I would say it is always worth learning ‘chunks of language’ rather than trying to build all sentences from scratch. For example, she should learn “Could you repeat that please?” rather than just learning the word “repeat” and then trying to build a sentence when she needs to use it – Does that make sense?
      If she is struggling to learn and remember vocabulary, it might be worth thinking about what TYPE of learner she is because she might need a different learning style to you or her friends. For example, if she is an auditory learner, she might find it beneficial to record phrases onto a dictaphone and then listen to them again and again until they stick in her head instead of writing them down. For more about learning styles, this blog post might be useful: https://theenglishenglishteacher.com/best-way-to-learn-english/
      I hope that helps but you can always email me if you would like some more advice. Thanks for your question and comments, I really appreciate it, Nicki 🙂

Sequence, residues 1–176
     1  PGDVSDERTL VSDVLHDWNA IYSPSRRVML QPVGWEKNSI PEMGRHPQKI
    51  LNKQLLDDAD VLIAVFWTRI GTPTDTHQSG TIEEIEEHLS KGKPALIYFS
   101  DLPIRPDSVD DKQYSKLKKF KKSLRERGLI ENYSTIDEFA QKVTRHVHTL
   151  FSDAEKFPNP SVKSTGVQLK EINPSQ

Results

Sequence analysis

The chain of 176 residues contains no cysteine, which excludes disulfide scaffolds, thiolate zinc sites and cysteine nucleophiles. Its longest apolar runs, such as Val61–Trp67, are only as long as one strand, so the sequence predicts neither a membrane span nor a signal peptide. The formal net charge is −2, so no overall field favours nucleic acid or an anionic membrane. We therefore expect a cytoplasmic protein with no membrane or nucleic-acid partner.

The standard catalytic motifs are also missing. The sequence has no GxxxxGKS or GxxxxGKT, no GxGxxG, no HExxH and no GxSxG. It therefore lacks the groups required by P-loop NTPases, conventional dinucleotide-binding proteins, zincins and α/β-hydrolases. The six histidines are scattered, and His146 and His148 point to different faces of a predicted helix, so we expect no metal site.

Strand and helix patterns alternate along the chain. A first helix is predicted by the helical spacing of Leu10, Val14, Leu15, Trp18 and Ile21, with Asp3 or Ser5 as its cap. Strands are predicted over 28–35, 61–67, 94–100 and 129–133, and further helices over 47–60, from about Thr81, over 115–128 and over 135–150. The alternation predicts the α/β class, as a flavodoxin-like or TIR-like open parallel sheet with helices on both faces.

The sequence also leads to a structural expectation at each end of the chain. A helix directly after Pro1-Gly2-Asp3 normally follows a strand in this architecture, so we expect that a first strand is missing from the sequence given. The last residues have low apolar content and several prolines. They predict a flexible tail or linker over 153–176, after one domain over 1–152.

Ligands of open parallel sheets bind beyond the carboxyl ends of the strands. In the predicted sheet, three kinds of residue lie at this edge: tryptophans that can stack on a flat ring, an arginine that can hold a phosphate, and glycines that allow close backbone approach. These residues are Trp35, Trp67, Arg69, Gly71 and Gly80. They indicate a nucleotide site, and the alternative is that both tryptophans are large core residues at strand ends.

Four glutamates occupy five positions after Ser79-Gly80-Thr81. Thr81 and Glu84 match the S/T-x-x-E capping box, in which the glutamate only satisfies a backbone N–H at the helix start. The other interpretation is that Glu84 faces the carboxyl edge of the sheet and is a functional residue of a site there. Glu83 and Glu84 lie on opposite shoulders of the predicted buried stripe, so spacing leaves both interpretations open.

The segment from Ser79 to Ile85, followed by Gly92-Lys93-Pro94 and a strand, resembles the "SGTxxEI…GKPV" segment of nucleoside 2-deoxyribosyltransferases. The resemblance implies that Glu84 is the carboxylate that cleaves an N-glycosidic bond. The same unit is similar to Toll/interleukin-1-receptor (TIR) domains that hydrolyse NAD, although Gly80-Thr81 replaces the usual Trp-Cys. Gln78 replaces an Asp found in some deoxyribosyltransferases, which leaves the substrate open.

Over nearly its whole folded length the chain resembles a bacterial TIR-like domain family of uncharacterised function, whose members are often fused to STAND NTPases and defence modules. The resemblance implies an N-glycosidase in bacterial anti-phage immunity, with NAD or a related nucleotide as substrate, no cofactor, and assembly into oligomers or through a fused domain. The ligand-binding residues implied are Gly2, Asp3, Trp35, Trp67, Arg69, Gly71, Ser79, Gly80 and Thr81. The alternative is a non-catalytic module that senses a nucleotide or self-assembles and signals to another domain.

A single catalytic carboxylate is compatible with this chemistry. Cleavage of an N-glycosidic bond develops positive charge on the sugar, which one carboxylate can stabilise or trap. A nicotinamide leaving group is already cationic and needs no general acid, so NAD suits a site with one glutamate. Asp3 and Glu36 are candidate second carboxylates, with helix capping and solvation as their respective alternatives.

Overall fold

11. My daughter was ill and I had to bring her to the doctor, I knew the name of illness in my language but I didn’t know it in English. So I checked it from the dictionary even I read an article about the illness. Before going to the doctor, I learned both meanings and pronunciations of chickenpox, vaccinated and rash. I don’t forget them:)

    1. That’s a great example of focusing on the language you need for specific situations! And you’re right, if it is a real life situation, you always remember the vocabulary! Brilliant story Hatice, thank you for sharing it and I hope your daughter didn’t suffer too much with the chickenpox 🙂

  12. This practise was great! I have understand almost everthing! 😀